Get Prepared for Life on a Big Campus

Keep in mind the following advice when you first land on campus and before you realize it, you'll know all the shortcuts to class.

Lost on campusMove-in day is fast approaching for many first-time and returning college students after what always feels like the fastest summer to date. For new freshmen, the thought of bunking up with a complete stranger in a new environment sounds a bit intimidating, but fear not: you will be adjusted to your collegiate lifestyle in no time.

If you’re heading off to a large public university within the next few weeks, there are some tips to keep in mind so that your first few weeks on campus go as smoothly as possible. Attending a university with a large campus and dozens of academic buildings puts you at a slight disadvantage initially over your peers that are attending smaller schools with perhaps only a couple academic buildings to navigate. Keep in mind the following advice when you first land on campus and before you realize it, you’ll know all the shortcuts to class.

  • After you’ve settled into your room and unpacked, find a few new friends and explore the dining halls. Your school might have multiple cafeterias on campus, so it’s good to know which one is closest to your dorm and which one is closer to your academic buildings in case you need to grab a quick lunch in between classes. If there is one main dining hall on campus, it will likely be swarmed during the dinner rush, so if you’re in a hurry to get back to your dorm, try to eat before or after the initial rush.
  • Before the first day of classes, it’s a good idea to map out which buildings your classes are held in so you can have an idea of where everything is in relevance to each other. On large campuses, getting from one class to the next could be quite a hike, and tardiness is not a good first impression to make on your college professors. This is important particularly when you are a freshman and taking a lot of general education classes, because they could be spread out all over campus, depending on which department they fall into. In order to avoid the awkward stares from classmates—or even worse, being called out on your tardiness by the professor—take some time to walk through campus and get your bearings so you won’t feel so lost when you’re on a time crunch.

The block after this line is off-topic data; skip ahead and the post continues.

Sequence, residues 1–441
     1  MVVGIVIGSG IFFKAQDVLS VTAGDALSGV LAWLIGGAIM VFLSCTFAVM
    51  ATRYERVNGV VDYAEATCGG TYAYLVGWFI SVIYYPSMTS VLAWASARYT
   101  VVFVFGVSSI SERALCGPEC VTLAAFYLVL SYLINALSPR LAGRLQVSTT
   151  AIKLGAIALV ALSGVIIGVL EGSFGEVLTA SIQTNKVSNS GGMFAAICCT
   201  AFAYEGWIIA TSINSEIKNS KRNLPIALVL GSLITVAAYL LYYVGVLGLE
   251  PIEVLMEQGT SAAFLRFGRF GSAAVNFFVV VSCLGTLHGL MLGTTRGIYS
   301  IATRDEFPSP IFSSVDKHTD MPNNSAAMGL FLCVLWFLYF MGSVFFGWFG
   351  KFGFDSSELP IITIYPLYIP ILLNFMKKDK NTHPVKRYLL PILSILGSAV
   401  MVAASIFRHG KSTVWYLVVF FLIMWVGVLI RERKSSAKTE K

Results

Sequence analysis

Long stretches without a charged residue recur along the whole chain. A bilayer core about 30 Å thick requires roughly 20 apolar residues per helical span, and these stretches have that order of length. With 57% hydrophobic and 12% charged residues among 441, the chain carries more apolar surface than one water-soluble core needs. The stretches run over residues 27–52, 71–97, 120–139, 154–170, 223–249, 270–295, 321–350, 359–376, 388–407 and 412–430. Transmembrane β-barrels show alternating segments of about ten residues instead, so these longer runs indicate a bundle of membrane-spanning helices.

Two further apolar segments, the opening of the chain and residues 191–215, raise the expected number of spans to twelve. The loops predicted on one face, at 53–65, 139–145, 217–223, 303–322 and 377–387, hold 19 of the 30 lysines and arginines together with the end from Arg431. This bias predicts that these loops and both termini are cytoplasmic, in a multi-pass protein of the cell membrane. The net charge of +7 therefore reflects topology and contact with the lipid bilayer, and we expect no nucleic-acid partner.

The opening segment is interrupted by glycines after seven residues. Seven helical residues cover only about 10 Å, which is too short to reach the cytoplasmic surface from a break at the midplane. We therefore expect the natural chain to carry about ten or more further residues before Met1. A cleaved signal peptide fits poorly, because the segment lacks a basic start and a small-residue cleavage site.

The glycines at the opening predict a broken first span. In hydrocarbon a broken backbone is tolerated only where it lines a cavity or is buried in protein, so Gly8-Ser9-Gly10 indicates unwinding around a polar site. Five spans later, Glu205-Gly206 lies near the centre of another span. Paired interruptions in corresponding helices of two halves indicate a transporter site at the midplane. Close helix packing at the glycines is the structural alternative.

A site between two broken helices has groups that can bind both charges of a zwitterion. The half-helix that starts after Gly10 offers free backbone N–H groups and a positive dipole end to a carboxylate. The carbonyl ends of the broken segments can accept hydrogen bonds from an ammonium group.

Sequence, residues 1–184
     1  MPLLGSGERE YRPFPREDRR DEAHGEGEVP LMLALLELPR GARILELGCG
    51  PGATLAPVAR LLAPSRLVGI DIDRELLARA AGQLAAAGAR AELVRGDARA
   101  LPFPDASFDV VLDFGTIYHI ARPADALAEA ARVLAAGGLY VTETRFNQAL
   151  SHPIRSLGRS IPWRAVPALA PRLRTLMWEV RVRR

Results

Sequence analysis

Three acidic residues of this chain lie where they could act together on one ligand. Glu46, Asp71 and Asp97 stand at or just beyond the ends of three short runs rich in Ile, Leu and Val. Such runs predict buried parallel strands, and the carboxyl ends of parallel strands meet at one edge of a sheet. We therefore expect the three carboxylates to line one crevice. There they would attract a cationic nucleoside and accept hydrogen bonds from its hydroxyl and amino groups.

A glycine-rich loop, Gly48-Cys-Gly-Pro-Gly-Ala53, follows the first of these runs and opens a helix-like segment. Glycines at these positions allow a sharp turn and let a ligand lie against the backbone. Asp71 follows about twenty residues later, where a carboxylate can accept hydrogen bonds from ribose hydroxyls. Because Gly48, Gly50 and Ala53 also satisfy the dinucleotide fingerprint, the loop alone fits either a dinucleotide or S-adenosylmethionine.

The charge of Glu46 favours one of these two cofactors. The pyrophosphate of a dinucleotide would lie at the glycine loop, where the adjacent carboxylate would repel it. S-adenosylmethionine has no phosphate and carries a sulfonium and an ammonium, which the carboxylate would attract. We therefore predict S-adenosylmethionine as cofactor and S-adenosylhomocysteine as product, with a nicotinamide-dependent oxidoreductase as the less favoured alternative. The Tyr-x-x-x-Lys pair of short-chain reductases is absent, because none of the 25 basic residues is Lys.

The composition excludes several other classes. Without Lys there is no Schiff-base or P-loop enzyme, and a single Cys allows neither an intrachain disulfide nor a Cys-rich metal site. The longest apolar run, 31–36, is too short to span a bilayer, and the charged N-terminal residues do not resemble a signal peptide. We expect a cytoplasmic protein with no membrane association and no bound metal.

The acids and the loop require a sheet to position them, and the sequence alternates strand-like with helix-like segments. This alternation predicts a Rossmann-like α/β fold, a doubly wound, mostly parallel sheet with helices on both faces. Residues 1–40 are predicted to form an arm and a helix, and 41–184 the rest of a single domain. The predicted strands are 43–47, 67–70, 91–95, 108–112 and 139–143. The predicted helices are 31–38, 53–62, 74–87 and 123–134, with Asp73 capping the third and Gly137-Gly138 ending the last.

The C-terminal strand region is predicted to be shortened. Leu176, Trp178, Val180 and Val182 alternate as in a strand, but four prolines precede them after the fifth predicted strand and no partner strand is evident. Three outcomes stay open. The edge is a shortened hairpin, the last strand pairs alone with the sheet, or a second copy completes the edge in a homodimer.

• If your school has public transportation on campus, it’s wise to see where the pick-up and drop-off locations are throughout campus. You may find you only have 15 minutes to get from one class to the next and walking would take too long. Get yourself accustomed to the bus schedule just in case you wake up late one day and have to rush to an 8:00 a.m., or it’s pouring rain and you would much rather be on a dry bus than splashing through puddles on your way to class.

Once classes commence, you will be able to get an understanding of your schedule and when you have down time to study, meet up with friends, or grab food between classes. In your first few weeks on campus, make sure to explore the library a bit and scope out other quiet study spots. Figure out how to search for and take out books at the library because you’ll most likely have syllabi for your classes within the first week and your first assignments could be due immediately. Remember, as overwhelming as the campus might feel at first, it will soon feel like it’s shrinking and you’ll be the one pointing your peers in the right direction.

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About Kristen Healy

Kristen Healy

Kristen is an Assistant Editor at Wintergreen Orchard House, a sub-division of Carnegie Communications, where she manages data for Midwestern colleges and universities. She graduated in 2010 from the University of Massachusetts Amherst with a double major in Journalism and Communication and a minor in Political Science. She is psyched about blogging about Public Colleges and Universities seeing as she is a proud product of one. She hopes that her four years at the Massachusetts state flagship campus will help her to bring new light to a broad range of topics that can relate to attending a public college or university. Her college career was spent writing for the news section of UMass’s Daily Collegian, volunteering at the university television studio, and enjoying the sites and activities of downtown Amherst. Kristen loves to travel and spent part of her junior year studying abroad in Galway, Ireland, where she gained perspective of what it is like to attend a large university in another country. She hopes her experiences in public higher education will help guide readers through their own college journeys!

You can circle Kristen on Google+, follow her on Twitter, or subscribe to her CollegeXpress blog.


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